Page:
Delta Air Lines Inc., the third-largest U.S. carrier, said Friday that 4,000 employees have taken voluntary buyouts, double the number it initially targeted and an increase from the total announced two weeks ago.

The airline said May 30 that 3,000 workers had accepted the severance offers, and since then, 1,000 more people have agreed to leave the Atlanta-based company, spokeswoman Betsy Talton said.

Delta plans to cut as much as 11 percent of U.S. seating capacity and park 90 planes and regional jets to shrink operations after fuel costs doubled in the past year. The company initially targeted 2,000 jobs.

Delta said June 6 that it would have second-quarter costs of $95 million for eliminating jobs and $8 million for closing airport facilities related to its cutbacks.

Lynn Zingleman, 57, a Delta ramp worker at the Salt Lake City International Airport, said he had decided to take the buyout.

"It was a pretty hard decision," said Zingleman, who has worked for 34 years for Delta and Western airlines. "I had to look at the benefits I had through my wife, how we were set up financially and a number of things."

Zingleman loads and unloads luggage off planes. He began his career in Minneapolis and transferred to Salt Lake City years later.

Zingleman had planned on retiring between ages 60 and 62, but when the buyout offer was presented to Delta employees, Zingleman figured it was an opportunity to get some money.

With the financial struggles the airline industry is experiencing, "I thought this may be my only chance as far as an early-out," he said.

Zingleman's wife retired two years ago. The couple plans to stay in Utah to be close to their children. Zingleman plans to hunt, fish, ride his motorcycle and travel. He'll be able to continue to use his discount travel benefits during retirement. Recently, he used low-cost airfare benefits for a camping trip in Manitoba.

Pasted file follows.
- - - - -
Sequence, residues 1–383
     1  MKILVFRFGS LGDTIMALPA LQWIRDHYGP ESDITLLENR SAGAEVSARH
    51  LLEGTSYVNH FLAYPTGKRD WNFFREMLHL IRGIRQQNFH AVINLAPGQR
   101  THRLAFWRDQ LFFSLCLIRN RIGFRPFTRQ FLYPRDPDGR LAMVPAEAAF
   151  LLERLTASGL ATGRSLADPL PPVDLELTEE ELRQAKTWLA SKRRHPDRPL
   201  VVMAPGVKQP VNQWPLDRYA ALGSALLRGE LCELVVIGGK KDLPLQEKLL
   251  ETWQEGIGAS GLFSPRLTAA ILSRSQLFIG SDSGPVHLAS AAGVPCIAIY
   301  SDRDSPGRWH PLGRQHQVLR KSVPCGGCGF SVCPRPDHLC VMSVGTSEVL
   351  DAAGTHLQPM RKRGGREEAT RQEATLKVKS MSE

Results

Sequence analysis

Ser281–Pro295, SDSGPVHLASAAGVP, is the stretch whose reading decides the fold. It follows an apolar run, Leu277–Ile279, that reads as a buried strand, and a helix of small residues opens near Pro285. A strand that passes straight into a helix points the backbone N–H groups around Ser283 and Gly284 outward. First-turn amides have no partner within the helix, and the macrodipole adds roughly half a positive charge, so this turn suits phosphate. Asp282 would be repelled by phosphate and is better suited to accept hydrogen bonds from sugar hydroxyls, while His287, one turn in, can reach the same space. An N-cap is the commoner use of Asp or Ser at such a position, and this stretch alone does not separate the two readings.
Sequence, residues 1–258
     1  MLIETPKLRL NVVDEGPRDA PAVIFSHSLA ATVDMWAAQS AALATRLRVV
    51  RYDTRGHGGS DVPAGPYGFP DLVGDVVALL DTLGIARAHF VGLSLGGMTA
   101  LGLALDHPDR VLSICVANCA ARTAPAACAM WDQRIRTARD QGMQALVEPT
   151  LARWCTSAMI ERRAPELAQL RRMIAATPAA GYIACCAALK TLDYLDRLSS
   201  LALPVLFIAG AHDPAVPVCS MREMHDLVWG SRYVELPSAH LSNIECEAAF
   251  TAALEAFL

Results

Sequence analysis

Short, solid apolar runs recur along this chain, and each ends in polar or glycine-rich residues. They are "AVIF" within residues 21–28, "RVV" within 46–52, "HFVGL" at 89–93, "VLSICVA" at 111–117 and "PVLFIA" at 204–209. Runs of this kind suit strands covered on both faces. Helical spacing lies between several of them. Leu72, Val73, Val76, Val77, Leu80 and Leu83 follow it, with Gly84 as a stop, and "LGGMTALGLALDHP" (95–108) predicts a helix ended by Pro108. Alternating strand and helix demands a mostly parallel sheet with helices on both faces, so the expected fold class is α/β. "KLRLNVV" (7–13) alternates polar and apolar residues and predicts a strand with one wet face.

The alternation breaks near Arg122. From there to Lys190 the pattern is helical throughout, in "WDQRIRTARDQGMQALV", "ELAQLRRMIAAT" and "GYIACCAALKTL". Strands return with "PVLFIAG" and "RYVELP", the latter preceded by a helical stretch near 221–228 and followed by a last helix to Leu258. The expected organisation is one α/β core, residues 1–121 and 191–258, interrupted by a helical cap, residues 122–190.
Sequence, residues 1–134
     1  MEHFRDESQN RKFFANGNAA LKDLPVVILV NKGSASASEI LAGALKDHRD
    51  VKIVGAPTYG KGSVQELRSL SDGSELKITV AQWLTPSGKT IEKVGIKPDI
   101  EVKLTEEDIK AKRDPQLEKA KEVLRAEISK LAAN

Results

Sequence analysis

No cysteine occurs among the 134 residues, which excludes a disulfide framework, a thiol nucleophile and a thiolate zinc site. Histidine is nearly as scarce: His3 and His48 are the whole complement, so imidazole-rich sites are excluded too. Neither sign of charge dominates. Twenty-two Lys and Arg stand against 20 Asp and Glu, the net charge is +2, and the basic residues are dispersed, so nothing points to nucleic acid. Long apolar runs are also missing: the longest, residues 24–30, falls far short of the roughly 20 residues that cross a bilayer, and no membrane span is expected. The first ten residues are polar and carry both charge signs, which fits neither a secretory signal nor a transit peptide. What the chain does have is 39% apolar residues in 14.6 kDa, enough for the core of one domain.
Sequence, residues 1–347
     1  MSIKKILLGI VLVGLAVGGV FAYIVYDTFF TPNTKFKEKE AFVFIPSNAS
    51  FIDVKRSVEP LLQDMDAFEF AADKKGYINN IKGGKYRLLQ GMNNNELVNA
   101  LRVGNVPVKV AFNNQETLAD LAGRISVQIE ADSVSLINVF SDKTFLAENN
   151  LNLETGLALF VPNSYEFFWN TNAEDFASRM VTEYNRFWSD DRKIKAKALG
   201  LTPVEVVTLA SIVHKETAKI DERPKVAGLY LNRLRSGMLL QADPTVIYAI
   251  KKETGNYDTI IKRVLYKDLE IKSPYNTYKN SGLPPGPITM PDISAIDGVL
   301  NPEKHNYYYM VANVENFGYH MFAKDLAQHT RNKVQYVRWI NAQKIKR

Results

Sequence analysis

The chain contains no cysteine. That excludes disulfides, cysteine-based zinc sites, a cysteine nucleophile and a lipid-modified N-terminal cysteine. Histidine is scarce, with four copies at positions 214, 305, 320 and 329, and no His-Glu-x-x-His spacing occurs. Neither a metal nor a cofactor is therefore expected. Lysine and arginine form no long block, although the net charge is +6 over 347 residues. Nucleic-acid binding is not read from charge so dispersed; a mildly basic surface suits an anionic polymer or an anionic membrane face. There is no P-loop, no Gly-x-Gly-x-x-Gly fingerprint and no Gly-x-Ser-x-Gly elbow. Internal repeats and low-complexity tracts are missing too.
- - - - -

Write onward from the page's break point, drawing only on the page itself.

As for his last day of work, "I put it off as late as possible, so it'll be the first of November," he said.

Zingleman said a handful of ramp workers have opted to take the buyouts. "What surprised me is there were a lot of younger, low-seniority people that took it.

"I think a lot of them felt the airline industry wasn't going to be what they thought it was going to be (when they began their careers)," Zingleman said. "There's not much of a future in it. They thought that it's time to start new careers, go different directions."

In Salt Lake City, where Delta has a hub and employs about 3,500, the number of employees who have taken buyouts has not been announced, Delta spokesman Anthony Black said. The Air Line Pilots Association, which represents Delta's pilots, did not return a phone call to the Deseret News on Friday about how many pilots in Salt Lake City are taking buyouts.

The biggest U.S. airlines have trimmed 10,300 jobs since the end of May. More are coming when AMR Corp.'s American Airlines gives specifics on its plans to cut "thousands" of positions.

UAL Corp.'s United Airlines plans to eliminate 1,600 management jobs and an unspecified number of union positions. Continental Airlines Inc. intends to cut 3,000 jobs, and US Airways Group Inc. said Thursday that it will trim 1,700.

American, United, Delta and Continental, the four largest U.S. carriers by passenger traffic, have announced U.S. capacity cuts of 10 percent or more at the end of the year as they struggle to cope with soaring fuel costs and lower demand.

Delta in April agreed to a merger with Northwest Airlines Corp., based in Eagan, Minn., that would form the world's largest carrier, surpassing American. The value of the all-stock Northwest acquisition has fallen by half to $1.83 billion since the deal was announced on April 14.

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